Voddie Baucham Jr on asking the right question about evil


In his chapter in “The supremacy of Christ in a postmodern worldVoddie Buacham Jr gives a brilliant apologetic response to the question of God’s goodness and the existence of evil (follow the link above to find the original audio recording from the Desiring God conference 2006):

Many of the students who want to engage me in conversation are first-semester philosophy students. (As an aside: there ought to be a rule. You should not be able to talk about philosophy unless you’ve had more than a semester of philosophy. If you haven’t had any, that’s fine—you can talk all you want. But if you’ve had only a semester, you are messed up. You’d be better off just not taking a philosophy course at all!) These amateur philosopher-students love to catch me alone and ask me standard questions such as, “I just wanted to ask you if you believe in a God that is omnipotent and omnibenevolent, and if so, how do you reconcile those beliefs with the issue of theodicy?” to which I respond, “You just took a semester of philosophy, right?”
“Well, yes. How did you know?”
“Because if you hadn’t, you’d have just said, ‘If God’s so powerful and so good, how come bad stuff happens?’ But I’m not going to answer the question until you ask it correctly.”
“I worked on that all week! What do you mean, ‘ask it correctly’?” “You’re not asking the question properly.”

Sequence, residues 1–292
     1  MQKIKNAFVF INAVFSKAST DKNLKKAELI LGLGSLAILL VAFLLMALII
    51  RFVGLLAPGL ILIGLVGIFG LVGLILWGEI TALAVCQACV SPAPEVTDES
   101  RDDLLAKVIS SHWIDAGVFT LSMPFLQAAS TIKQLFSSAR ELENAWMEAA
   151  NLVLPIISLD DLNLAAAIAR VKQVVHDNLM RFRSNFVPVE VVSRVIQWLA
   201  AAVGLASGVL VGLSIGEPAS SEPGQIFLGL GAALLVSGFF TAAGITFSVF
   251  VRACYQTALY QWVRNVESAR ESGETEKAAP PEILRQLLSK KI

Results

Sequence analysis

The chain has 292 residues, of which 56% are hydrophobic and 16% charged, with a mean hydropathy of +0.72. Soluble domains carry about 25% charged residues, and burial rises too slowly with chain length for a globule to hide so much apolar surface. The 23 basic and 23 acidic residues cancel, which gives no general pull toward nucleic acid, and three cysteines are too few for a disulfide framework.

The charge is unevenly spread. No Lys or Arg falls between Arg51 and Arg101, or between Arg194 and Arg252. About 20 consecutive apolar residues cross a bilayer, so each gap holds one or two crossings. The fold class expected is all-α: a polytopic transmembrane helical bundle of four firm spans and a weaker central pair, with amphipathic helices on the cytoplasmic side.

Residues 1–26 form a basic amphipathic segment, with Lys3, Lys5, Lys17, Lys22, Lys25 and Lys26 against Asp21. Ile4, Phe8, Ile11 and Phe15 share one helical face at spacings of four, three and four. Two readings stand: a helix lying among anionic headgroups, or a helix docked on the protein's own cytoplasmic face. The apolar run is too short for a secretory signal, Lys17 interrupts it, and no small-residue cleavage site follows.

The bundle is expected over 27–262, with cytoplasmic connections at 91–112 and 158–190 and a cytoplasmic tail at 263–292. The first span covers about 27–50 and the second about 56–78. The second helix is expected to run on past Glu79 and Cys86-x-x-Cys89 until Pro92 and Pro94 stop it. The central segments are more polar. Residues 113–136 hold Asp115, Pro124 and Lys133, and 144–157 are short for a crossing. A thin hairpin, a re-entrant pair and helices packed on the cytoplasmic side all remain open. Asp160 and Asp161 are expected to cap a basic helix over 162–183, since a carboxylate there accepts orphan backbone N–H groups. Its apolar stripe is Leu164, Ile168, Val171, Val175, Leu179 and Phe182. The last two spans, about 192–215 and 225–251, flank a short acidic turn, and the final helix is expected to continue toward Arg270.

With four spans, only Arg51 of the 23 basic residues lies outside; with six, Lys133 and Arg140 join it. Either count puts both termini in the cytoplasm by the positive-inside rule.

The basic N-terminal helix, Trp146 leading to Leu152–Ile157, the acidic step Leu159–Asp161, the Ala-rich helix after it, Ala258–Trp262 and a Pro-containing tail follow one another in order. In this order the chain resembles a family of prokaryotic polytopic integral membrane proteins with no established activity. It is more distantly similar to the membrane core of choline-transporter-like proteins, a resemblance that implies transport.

“What do you mean ask the question properly? It’s my question. You can’t tell me how to ask my question.”
To which I patiently respond, “I will answer your question when you ask it properly.”
When they are ready, I tell them how to ask that question properly:

Look me in my eyes and ask me this: “How on earth can a holy and righteous God know what I did and thought and said yesterday and not kill me in my sleep last night?” Ask it that way, and we can talk. But until you ask it that way, you do not understand the issue. Until you ask the question that way, you believe the problem is out there somewhere. Until you ask the question that way, you believe that there are some individuals who, in and of themselves, deserve something other than the wrath of Almighty God. When you ask me the question that way—when you say, “Why is it that we are here today? Why has he not consumed and devoured each and every one of us? Why? Why, 0 God, does your judgment and your wrath tarry?”—then you truly understand the issue.

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